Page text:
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Wouldn't it be nice if children would simply listen and learn.

When a child is disregulated - is the time parents need to be regulated.

Simple rules adhered to when children are young can prevent more serious problems later.

Parents are the external regulator for kids who cannot regulate themselves.

It's more effective to reward your child for being "good" (appropriate) than to punish him for being "bad" (inappropriate).

Many clinicians find it easier to tell parents their child has a brain-based disorder than suggest parenting changes. Jennifer Harris (psychiatrist)

A tantruming toddler is a little ball of writhing muscle and incredible strength. It's like trying to carry a greased pig past a slop bucket.

The teenage years require a delicate balance between the young person's need to gain independence, and the parent's need to retain authority.

The more 2 parents differ in their approaches to discipline, the more likely it leads to trouble for the child.

"Cutting" is a visible sign to the world that you are hurting.

Learn more.

Dry Bed Training (part 3)

Dry Bed Training (Part 3)
Treatment Options # 1-4
1.Habit Changing
– reduce fluid intake after supper may be a reasonable start
– reduce fluids containing caffeine
– ensure the child “completely” voids before bed
2. Rewards & Punishments
– using rewards and punishments for a behaviour while
sleeping us usually a no win situation
– rewards MAY have a place but there will be no greater reward
for the child than to wake up dry in the morning
– there is absolutely no place for punishing a child for doing
something in his sleep

3. Night Lifting (getting the child up to go to the bathroom)
– frequently done by parents before they go to bed
– there is no reliable evidence to support night lifting (that I can
find) and considerable research condemning it
– passes responsibility onto others- it should belong to
the child
– creates tension between child and parent – the child
usually does not want to get up – not a good to
engage in a battle
– reinforces wetting wile asleep because the child may
appear to be fully awake but more likely to still
be asleep

4. Bladder Training (N.B. – the child should be examined by a doctor to ensure there are no structural problems in the urinary organs or urinary tract infection before attempting bladder training)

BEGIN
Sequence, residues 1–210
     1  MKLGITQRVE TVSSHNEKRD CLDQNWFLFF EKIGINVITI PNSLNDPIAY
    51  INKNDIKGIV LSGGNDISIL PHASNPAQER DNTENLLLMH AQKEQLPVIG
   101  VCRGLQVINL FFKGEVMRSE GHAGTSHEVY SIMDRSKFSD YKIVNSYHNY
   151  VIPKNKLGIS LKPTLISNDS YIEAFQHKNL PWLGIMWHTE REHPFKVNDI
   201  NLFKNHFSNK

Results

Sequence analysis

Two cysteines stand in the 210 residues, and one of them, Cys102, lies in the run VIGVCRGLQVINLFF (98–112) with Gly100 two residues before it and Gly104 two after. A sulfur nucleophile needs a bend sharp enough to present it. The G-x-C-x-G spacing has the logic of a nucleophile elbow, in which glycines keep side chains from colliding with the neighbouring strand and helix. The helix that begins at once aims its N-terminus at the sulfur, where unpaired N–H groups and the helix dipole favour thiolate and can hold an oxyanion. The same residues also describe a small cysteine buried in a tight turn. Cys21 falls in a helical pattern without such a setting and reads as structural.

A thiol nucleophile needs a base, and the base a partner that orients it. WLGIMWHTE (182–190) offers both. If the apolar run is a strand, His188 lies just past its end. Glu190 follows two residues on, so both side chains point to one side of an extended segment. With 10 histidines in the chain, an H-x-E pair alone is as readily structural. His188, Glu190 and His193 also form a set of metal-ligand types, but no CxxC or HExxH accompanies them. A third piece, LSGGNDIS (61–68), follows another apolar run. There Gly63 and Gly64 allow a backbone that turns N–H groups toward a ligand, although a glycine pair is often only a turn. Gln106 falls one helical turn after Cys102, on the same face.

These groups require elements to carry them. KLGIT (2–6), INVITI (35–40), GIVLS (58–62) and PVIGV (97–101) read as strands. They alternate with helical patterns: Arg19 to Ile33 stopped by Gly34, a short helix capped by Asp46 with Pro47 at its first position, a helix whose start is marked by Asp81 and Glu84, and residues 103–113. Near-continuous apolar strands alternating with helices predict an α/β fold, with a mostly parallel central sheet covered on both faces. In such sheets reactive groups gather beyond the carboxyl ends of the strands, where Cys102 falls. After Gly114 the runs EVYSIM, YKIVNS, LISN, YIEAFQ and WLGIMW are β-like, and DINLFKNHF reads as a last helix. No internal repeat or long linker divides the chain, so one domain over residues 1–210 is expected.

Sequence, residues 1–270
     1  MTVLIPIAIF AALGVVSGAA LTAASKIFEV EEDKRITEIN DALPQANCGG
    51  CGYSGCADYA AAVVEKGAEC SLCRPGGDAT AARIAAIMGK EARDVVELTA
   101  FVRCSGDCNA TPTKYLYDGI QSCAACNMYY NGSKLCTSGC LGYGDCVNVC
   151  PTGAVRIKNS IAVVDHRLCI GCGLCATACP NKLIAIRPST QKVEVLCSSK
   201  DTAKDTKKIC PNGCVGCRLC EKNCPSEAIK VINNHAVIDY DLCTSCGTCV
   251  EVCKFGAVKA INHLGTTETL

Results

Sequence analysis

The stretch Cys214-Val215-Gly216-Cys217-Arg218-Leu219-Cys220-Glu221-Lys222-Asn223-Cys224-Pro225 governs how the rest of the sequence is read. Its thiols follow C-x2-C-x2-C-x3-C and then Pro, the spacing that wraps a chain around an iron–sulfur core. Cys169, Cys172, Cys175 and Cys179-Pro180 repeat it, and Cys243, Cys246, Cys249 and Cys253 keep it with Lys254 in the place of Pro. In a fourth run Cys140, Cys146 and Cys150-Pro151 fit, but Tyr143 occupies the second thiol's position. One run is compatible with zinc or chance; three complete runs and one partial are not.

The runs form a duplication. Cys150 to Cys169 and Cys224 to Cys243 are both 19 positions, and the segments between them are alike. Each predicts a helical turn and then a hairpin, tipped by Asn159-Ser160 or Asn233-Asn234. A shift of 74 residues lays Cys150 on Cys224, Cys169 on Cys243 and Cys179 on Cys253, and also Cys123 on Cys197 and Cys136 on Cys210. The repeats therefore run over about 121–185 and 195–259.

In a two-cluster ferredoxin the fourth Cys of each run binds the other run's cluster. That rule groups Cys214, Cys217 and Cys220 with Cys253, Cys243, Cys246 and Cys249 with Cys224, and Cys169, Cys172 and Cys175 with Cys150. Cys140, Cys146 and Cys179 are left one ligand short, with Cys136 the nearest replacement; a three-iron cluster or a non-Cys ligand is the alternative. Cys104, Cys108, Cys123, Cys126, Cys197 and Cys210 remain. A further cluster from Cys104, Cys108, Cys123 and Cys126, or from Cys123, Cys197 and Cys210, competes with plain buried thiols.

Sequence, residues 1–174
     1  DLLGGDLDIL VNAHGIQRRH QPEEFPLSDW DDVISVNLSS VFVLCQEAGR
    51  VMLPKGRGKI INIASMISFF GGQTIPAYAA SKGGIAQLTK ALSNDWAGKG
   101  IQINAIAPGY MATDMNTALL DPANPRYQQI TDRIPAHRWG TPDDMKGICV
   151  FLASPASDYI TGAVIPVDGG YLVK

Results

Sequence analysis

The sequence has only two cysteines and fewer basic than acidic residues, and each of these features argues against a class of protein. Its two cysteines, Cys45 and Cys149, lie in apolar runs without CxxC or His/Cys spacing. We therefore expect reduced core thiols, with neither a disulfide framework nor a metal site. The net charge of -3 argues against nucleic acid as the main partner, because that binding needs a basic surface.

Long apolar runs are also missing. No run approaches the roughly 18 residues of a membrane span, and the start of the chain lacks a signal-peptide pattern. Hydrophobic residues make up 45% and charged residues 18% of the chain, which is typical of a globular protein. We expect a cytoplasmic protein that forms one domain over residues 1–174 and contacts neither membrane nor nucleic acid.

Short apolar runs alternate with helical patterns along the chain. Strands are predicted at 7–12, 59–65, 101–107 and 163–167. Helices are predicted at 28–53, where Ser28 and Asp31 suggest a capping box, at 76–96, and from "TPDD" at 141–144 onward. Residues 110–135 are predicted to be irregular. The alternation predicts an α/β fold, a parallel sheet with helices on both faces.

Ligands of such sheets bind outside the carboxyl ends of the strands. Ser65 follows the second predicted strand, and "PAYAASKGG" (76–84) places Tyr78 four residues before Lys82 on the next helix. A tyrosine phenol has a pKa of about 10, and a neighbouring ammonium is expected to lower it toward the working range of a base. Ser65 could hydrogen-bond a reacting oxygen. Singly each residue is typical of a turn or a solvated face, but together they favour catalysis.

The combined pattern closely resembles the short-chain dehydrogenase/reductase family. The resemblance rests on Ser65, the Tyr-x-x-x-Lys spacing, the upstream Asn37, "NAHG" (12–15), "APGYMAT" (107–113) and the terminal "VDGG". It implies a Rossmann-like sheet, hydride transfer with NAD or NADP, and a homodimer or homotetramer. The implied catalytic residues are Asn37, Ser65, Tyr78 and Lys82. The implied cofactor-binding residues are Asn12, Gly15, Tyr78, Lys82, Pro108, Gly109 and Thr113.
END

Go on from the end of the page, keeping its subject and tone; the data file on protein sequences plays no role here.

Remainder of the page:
There are 2 physical problems that may respond to bladder training:
a) weak sphincter muscle at base of bladder
b) small “functional” bladder capacity
The sphincter muscle at the base of the bladder is sensitive to pressure. Initially the slightest pressure of urine triggers the reflex action in a baby and he/she expels urine immediately. However, as the child matures and develops, the neurological and urinary systems are conditioned to retain urine for longer periods.
Bladder training means to systematically exercise the sphincter muscle in hopes of developing it faster. We want it to move past the reflex stage so it will be able to retain using longer and come under conscience control.
The second part of bladder training involves conditioning it to hold more – in essence increasing the bladder capacity which reduces the frequency of urination. In reality we do not change the actual size of the bladder but we can train it to hold more releasing it. Doctors tell us that a developing child will naturally pass more using with each voiding as he gets older. The actual size of bladders from one child to another varies little however the FUNCTIONAL CAPACITY can vary enormously.
Bed wetters typically urinate small amounts with each voiding. Their bladders are roughly the same size as non bed wetters but they have not been conditioned to hold more – the enuretic child passes about 50% of the volume of urine with each voiding as the non bed wetters.
The experts suggest a procedure that is designed to address both problems at once. The process is simple but, but at first may sound counterproductive – DRINK WATER , LOTS OF IT. When the child feels the need to void, encourage him to hold on as long as possible. Two good things happen if the child cooperates and does this over a period of time;
1) the sphincter becomes conditioned to withstand increased
pressure before responding to ref;ex and opening
2) the amount of urine the bladder will accommodate between
voidings will increase
When these two things happen sufficiently, the child will be dry at night – guaranteed!

To be continued

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